fill subseauent vacancies by election. A'

ments . . . two severe tests in two markedly

ceive special dispensation in the matter of

the option of the parent CAP unit, drilt^^^

different fields.

gasoline rationing. Here is his report on

classes, and field exercises may be held •

Let there be no question in any member's
mind on what these things mean. The for

the matter:

arately from or combined with those of CAi.

mative period is past. We deliver ot we go
u n d e r. T h i s I s w a r, w i t h t h e n e w fl y i n g a s

1942, issued by James M. Landis, Director to
Regional Directors of Civilian Defense, "al
lotments of gasoline for civilian defense ac
tivities will be allow workers who actually
need supplemental allotmenta and who
would be unable to perform their work with

a b l e s h o r t l y. E a c h m u s t b e a c c o m p a n i e d b y

out such additional gasoline."

photograph; the CAPC unit will retain the
other copy and one photograph; and the

s i g n m e n t w e a r e p r a c t i c a l l y i n t h e a r m y,
and if we cannot make good in the imme

diate future then there is no place in the
picture for us.
F r a n k l y, f o r t u n a t e l y, t h e s e a s s i g n m e n t s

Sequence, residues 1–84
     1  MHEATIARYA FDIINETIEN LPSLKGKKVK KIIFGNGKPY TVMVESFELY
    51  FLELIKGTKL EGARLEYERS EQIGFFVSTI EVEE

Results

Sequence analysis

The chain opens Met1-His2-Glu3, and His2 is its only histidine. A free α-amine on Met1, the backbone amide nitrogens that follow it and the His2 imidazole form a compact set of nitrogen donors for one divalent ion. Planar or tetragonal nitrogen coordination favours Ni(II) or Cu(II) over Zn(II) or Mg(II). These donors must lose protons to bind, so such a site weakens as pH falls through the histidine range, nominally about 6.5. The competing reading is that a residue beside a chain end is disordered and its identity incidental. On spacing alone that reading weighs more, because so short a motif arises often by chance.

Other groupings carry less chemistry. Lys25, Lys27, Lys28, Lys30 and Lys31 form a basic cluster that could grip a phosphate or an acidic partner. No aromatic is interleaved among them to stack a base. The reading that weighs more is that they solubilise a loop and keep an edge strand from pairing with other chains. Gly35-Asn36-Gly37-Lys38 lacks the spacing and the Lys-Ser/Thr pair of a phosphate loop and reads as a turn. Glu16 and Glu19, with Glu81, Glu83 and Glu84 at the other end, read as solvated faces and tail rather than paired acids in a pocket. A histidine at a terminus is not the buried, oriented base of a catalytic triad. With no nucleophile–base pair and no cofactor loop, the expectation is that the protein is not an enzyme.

should be the making of the Nebraska wing.
For us they give the CAP point and pur
pose. They make the training program and
all of the time and trouble involved seem
entirely worth while. They should serve to
make the lagging squadrons pull themselves
t o g e t h e r, a n d w o r k t w i c e a s h a r d a s t h e y
ever have before.
Two things stand out:

First, the courier service offers our fliers
a chance to build up many hours, and they'll
be paid while doing so. This is of particular
interest to those who want to prepare them
selves for the army ferry service.
Second, the CAP Cadets should provide the
ideal method for recruiting and training desireable members from- among young folks
who are anxiuos to get Into the flying game.
The training season is past, the whistle
that starfs the big game has been blown,
and we're about to see the Klckoff. Heads

up, gang, and let's carry the bail.
C o m m a n d e r, N e b r a s k a W i n g , C A P.

According to a Memorandum date July 9,

Duly enrolled members of Civil Air Patrol
may qualify for a supplemental ration to
cover mileage essential to pursuit of Civilian
Defense activities.

Applications for membership will be avail